Monday, 24 August 2020
Whinchats in the rain
A day's birding (on and off) all on foot from home. Was it worth it? Well yes, it had its moments...
First off was a couple of hours vis-migging from Nork Park. This was the first such session and will most probably be the last. Until you actually try these things for real, the problems are not always apparent. As a site it has a great view, but the best position is alongside a noisy A road. I have enough of a problem picking up the calls of distant Tree Pipits and Redwings as it is, so the backdrop of vehicle noise will not be helpful. The park is also home to hundreds of dog-walkers and their canine companions. I was met with a mixture of suspicion and curiosity and felt quite uncomfortable. If the park returned Spurn-like numbers of migrants I would roll with it, but this is obviously not the case. I returned home and sat in the garden, which was almost silent in comparison. My close-to-home skywatches will be a lot closer to home than I envisaged.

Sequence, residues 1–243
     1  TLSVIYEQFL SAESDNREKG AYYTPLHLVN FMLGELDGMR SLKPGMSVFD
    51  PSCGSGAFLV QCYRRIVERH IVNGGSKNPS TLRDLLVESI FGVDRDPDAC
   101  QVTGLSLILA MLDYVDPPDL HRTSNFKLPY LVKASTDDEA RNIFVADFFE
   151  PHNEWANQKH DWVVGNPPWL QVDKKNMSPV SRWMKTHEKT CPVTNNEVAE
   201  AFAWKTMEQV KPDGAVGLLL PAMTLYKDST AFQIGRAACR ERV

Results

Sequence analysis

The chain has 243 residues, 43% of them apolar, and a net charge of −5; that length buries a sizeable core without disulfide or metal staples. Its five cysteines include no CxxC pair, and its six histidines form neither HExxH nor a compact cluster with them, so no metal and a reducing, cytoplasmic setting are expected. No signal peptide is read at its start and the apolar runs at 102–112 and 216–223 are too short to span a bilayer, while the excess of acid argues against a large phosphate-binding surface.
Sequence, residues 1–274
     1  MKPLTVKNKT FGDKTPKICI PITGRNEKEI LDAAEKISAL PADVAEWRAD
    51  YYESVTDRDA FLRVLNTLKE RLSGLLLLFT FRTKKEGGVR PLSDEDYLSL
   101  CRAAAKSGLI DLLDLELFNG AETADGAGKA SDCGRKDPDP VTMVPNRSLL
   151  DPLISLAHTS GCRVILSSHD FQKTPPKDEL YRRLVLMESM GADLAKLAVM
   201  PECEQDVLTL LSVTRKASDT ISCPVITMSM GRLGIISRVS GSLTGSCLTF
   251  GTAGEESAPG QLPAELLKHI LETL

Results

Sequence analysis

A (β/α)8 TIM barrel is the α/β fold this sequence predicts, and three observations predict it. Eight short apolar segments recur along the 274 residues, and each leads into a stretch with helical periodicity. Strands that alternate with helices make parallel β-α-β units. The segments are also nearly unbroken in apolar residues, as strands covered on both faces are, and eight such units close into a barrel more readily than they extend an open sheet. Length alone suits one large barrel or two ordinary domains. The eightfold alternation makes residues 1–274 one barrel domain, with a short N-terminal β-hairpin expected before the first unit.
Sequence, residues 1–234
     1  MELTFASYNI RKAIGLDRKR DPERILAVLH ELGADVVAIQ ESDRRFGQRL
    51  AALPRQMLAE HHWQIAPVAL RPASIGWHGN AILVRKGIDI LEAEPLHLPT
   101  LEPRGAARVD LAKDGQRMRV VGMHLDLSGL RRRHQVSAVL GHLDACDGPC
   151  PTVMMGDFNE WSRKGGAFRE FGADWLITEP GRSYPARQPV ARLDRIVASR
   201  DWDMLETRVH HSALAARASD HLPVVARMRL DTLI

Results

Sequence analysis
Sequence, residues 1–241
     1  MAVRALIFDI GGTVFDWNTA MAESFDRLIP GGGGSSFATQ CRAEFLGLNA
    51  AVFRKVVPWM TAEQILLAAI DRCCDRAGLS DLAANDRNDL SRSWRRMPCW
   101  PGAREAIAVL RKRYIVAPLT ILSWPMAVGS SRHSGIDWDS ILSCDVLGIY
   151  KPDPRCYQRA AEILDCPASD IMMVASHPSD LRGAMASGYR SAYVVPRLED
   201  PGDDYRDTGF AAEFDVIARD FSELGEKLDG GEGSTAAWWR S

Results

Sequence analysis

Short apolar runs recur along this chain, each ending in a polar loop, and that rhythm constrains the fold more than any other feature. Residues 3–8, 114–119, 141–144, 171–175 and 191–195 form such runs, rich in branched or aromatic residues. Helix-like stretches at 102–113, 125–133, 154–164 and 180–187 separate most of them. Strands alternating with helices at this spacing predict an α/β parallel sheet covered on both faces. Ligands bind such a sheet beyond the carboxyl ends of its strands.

This afternoon I dodged the showers at Priest Hill. The first hour was dreadfully quiet, but then stumbled across a flock of c20 Common Whitethroats which were moving between clumps of bramble. With them, in loose association, were five Whinchats, all wary. There was one individual that exhibited a marvellous apricot upper breast band, but I failed to obtain a photograph despite some ninja-like stalking. Ageing and sexing Whinchats in the autumn is not a simple thing - even though the five birds before me were a mixture of bright and dull plumages, striking and dull supercillia, I could not safely age or sex them. The Kestrel above sat out one of the showers with me.